French painter and printmaker. The first woman to join the circle of the French impressionist painters, she exhibited in all but one of their shows, and, despite the protests of friends and family, continued to participate in their struggle for recognition.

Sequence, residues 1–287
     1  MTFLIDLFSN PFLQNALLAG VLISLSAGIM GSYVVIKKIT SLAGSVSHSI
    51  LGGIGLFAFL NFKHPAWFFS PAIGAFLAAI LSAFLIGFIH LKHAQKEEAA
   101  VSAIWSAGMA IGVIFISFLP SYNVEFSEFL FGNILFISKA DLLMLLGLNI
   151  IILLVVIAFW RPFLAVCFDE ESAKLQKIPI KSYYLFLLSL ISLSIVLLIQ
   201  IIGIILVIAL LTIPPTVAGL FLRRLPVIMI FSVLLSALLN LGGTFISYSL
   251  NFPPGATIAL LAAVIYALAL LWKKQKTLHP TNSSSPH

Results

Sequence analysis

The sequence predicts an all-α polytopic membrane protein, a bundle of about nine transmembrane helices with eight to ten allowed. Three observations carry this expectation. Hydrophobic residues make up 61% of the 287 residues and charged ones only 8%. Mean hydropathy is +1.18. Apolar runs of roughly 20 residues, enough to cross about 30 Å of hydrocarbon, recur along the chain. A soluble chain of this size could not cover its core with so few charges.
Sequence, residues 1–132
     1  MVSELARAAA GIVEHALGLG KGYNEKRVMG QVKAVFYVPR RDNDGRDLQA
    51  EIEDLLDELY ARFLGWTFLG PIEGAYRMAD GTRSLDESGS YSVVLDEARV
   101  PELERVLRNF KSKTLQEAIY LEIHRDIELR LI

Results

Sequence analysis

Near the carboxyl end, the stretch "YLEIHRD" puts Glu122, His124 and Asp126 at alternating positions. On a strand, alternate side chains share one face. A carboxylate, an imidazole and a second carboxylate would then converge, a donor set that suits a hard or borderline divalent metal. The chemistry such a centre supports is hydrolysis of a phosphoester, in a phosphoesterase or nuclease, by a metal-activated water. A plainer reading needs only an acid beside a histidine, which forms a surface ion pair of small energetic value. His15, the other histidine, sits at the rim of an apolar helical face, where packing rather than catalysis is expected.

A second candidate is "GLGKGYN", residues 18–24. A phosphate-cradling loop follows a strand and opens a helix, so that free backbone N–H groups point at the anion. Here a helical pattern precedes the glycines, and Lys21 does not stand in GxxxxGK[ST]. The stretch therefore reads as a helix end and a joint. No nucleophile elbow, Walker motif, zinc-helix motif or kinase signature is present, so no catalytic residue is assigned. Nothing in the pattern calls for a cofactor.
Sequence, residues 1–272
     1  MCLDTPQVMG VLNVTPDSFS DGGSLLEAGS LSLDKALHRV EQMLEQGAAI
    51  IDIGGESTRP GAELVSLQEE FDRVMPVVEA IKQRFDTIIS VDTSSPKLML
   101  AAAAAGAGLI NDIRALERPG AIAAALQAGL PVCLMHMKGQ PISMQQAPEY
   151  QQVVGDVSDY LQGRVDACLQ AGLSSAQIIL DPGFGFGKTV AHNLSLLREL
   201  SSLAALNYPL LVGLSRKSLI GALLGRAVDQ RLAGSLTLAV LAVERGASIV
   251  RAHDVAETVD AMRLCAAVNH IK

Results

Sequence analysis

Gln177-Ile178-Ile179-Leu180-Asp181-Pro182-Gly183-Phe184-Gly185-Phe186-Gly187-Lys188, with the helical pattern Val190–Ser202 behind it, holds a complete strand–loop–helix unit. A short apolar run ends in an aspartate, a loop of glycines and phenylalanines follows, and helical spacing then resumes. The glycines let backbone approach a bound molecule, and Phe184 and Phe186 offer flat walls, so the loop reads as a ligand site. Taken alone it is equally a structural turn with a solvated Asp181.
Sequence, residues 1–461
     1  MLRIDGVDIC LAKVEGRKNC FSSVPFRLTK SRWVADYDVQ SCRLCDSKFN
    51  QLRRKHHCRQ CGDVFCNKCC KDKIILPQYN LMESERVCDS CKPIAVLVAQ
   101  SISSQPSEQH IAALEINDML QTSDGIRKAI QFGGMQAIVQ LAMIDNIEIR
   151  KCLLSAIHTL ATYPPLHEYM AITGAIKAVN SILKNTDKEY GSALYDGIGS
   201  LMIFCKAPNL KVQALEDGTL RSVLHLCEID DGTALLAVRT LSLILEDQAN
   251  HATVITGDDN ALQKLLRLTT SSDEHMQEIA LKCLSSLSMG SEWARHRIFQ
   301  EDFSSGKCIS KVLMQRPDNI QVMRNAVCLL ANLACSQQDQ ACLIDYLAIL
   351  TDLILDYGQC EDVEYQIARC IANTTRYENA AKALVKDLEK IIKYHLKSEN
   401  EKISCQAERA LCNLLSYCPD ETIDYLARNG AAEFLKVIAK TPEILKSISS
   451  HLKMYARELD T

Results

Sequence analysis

Born into a family of wealth and culture, Morisot received the conventional lessons in drawing and painting. She went firmly against convention, however, in choosing to take these pursuits seriously and make them her life's work. Having studied for a time under Camille Corot, she later began her long friendship with Edouard Manet, who became her brother-in-law in 1874 and was the most important single influence on the development of her style. Unlike most of the other impressionists, who were then intensely engaged in optical experiments with color, Morisot and Manet agreed on a more conservative approach, confining their use of color to a naturalistic framework. Morisot, however, did encourage Manet to adopt the impressionists' high-keyed palette and to abandon the use of black. Her own carefully composed, brightly hued canvases are often studies of women, either out-of-doors or in domestic settings. Morisot and American artist Mary Cassatt are generally considered the most important women painters of the later 19th century.